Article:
Rotary Club of Easthampstead
Serving Ascot, Bracknell and Wokingham and surrounding areas
Charity No. 800519
The banner of the Rotary Club of Easthampstead shows the figure of St. Michael. This figure can be seen in the remarkable stained glass East window of the Parish Church of St. Michael and St. Mary Magdalene, Easthampstead, near Bracknell – 30 miles west of London. The window depicts the Last Judgment and it has been described as the finest 19th century window in England. It represents the high point in the joint work of Sir Edward Burn Jones and William Morris. Sewter said of this window “The Burn Jones designs translated into colour by William Morris surpass by far anything either could do separately, and what any other stained glass artists in the 19th century could produce”. This window is referred to as being of an altogether different level of artistic creation than the works of other Victorian artists in stained glass.
The banner has been produced by silk screen printing by Toye Kenning and Spencer Ltd., of Nuneaton, and the design uses only four colours. The full beauty and subtlety of the window can only be appreciated fully in the Church. However, the banner maker has been remarkably skilful within the limits of the manufacturing process.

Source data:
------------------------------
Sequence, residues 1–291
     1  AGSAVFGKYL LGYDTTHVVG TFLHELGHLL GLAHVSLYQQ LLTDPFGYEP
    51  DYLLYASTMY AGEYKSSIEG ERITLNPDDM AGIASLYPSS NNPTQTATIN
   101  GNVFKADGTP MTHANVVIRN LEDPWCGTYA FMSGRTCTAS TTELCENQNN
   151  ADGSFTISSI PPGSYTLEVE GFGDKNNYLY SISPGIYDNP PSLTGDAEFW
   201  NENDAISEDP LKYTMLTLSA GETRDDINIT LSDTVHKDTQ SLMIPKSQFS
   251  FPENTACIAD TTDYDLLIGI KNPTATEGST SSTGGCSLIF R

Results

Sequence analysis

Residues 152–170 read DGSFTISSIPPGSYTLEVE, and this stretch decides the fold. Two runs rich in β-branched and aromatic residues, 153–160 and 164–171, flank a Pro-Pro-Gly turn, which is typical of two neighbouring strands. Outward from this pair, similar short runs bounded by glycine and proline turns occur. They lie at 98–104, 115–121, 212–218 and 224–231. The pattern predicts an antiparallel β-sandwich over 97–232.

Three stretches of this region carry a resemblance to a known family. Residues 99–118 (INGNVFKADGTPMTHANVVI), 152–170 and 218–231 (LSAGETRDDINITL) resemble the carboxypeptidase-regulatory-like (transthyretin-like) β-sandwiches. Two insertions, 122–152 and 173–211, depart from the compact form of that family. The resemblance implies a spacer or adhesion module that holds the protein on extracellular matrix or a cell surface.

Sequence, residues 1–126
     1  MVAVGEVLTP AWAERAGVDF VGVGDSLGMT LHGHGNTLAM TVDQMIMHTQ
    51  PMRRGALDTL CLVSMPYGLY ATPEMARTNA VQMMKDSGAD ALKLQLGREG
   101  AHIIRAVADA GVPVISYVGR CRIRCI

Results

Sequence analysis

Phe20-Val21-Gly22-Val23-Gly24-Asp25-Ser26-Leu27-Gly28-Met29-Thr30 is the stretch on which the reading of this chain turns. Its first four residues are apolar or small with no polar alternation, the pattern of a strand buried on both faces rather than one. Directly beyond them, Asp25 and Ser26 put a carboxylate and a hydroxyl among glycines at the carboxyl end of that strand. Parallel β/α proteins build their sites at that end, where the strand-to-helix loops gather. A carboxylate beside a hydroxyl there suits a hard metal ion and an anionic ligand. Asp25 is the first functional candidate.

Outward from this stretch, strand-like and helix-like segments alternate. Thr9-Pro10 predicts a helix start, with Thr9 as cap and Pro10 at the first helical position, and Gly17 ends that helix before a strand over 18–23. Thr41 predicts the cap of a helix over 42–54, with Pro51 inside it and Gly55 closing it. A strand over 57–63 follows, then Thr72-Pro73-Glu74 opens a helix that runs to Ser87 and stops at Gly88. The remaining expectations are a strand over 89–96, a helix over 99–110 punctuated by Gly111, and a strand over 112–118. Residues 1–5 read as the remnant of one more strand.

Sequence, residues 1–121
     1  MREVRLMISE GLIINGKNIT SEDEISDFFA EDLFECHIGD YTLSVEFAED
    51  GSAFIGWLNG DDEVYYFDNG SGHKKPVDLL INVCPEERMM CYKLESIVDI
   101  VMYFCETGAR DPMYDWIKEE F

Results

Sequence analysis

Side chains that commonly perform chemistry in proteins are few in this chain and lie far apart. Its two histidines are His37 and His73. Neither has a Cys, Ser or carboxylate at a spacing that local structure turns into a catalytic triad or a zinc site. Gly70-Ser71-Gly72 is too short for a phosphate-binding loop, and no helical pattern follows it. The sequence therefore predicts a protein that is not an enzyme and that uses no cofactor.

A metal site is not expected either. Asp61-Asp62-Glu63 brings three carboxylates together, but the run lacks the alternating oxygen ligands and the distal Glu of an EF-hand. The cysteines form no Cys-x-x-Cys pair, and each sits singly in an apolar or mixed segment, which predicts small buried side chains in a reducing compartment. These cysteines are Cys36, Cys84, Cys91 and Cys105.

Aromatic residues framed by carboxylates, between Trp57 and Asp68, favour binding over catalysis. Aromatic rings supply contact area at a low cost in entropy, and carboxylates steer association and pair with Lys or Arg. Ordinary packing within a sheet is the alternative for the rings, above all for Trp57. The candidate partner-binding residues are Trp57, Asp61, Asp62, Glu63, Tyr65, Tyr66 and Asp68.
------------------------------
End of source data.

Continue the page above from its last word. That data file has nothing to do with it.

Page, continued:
The subject of the banner is an angel. Winged figures of Gods appear in the earliest pictures of mankind. Angels are mentioned frequently in the Old Testament where they form God’s Court and are sent on missions to people on earth. There were seven great archangels in Jewish belief at the time of Christ. Christianity inherited them, but only Michael, Gabriel and Raphael have been given distinct personalities in the Christian tradition. Michael’s name means “like God”. He led God’s army against the devil in the war in heaven, and is often shown as a mailed warrior. He is the angel who will sound the last trumpet at the end of the world, and who will weigh souls in the balance.
The window was created by Lady Downshire in memory of her husband, who died aged 29 on 31st March, 1874. It is inscribed “To thee Honour and Glory of God in loving remembrance of Arthur Hill, 5th Marquis of Downshire this window is erected by his wife. Nevertheless not my will, but thine be done”
Rtn. John Black